For Women Scotland: Feminists’ legal fight over gender rules The Times 01.07.20
The original article is here.
Feminist activists are beginning a legal challenge to new rules designed to correct the under-representation of women on public boards amid claims that the policy “redefines women to include men”.
A legal letter has been delivered to ministers from For Women Scotland, which campaigns against plans to make it easier to self-identify as a chosen gender, alleging that the government has exceeded its authority by appearing to redefine “woman”.
They argue that the Gender Representation on Public Boards Act 2018 is likely to erode women’s rights, and could lead to prosecution for asserting those rights. Having sought the opinion of Aidan O’Neill, QC, the campaigners have warned that the government faces a potential judicial review if it fails to address “fundamental flaws” in the legislation.
Marion Calder, of For Women Scotland, said: “It beggars belief that the Scottish government has introduced new legislation that contravenes the very essence of what a ‘woman’ is in law. This is just the introduction of self-identification of sex by the back door.”
Campaigners briefly installed a banner in Edinburgh Waverley station yesterday reading “I love JK Rowling”, in reference to a controversy over the removal of a digital advert at the terminus bearing the same slogan. The advert was withdrawn on Wednesday by Network Rail, who said it was too “political” and might offend passengers.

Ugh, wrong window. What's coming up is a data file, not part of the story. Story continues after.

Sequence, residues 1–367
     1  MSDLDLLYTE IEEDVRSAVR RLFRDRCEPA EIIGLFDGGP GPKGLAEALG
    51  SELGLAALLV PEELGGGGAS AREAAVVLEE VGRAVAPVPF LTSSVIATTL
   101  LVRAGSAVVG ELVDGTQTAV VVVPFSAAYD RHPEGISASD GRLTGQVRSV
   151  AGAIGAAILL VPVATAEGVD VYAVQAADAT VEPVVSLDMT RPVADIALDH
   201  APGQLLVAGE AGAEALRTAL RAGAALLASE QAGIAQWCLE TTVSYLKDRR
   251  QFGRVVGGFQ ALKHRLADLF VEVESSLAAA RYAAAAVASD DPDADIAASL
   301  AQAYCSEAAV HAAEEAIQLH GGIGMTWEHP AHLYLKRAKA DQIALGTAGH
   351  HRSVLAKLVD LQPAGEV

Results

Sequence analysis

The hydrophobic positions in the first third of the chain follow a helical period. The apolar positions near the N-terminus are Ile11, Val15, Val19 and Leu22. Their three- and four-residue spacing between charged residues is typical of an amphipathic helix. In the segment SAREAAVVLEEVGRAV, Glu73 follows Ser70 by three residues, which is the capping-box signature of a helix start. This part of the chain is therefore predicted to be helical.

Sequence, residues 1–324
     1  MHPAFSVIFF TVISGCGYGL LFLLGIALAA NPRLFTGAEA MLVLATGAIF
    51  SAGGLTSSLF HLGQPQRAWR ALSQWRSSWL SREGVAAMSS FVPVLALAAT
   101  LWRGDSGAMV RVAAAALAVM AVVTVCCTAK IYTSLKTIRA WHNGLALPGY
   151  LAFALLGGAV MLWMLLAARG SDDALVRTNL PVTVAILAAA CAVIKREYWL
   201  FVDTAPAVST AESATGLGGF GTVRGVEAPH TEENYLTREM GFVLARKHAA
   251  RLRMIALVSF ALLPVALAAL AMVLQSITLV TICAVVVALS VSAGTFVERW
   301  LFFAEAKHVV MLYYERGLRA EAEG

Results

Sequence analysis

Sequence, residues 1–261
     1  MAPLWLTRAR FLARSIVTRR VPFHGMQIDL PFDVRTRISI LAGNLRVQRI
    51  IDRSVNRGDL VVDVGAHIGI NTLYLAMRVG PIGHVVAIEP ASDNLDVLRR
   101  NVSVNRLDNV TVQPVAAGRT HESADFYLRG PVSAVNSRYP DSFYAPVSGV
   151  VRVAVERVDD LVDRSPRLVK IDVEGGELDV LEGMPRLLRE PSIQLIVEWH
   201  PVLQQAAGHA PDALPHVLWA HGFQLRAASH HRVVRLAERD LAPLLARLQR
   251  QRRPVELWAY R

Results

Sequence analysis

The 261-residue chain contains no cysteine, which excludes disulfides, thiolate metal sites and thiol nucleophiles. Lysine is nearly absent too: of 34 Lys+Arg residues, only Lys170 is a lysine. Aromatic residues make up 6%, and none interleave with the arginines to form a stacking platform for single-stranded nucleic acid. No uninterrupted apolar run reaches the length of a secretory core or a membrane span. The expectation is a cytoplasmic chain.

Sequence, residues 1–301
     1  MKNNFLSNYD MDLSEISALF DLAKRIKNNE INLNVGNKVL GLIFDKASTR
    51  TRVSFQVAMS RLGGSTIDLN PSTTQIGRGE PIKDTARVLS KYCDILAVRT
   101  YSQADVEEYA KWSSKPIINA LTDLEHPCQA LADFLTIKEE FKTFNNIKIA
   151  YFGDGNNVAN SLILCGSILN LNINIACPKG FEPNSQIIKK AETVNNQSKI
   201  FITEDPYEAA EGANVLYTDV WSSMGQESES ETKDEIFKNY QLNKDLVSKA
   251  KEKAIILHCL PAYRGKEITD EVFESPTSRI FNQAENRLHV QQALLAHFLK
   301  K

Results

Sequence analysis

While the words themselves were harmless, their context — an acrimonious argument on social media between Rowling and her critics who accuse her of transphobia — was likely to cause offence, the company said.
Ms Calder said that the advertisement had been booked to celebrate Ms Rowling’s birthday, at the station in her home city. Kellie-Jay Keen-Minshull, who has campaigned against reform of gender recognition laws, designed the advert and booked it for £1,200.
In one Twitter intervention, Ms Keen-Minshull referred to male to female trans surgery as “castration”, prompting police to investigate her for hate speech.
Rowling, 55, author of the Harry Potter novels, has refused to give ground in a succession of bitter online rows with trans activists. In one intervention, she argued that many health professionals had concerns that young people with mental health issues were being shunted towards hormone treatment and surgery, branding it “a new kind of conversion therapy for young gay people”.
Her position has attracted criticism from Daniel Radcliffe, Emma Watson and Rupert Grint, who made their names in the Harry Potter movies.
For Women Scotland describes itself as a national women’s rights group and is funded entirely by supporters. Its letter claims that the Scottish government has acted outwith its competence by confusing the distinct protected characteristics of “sex” and “gender reassignment”. The campaigners say the Equality Act only allows for measures for those persons who share a protected characteristic, not for merging different protected characteristics.
The redefinition of “woman” includes persons who may self-identify as women, but who the Equality Act would characterise as male, the letter argues. The redefinition of “woman” goes against the grain of decades of anti-discrimination law, it adds.
The Scottish government said: “We will give the letter full consideration when we receive it.”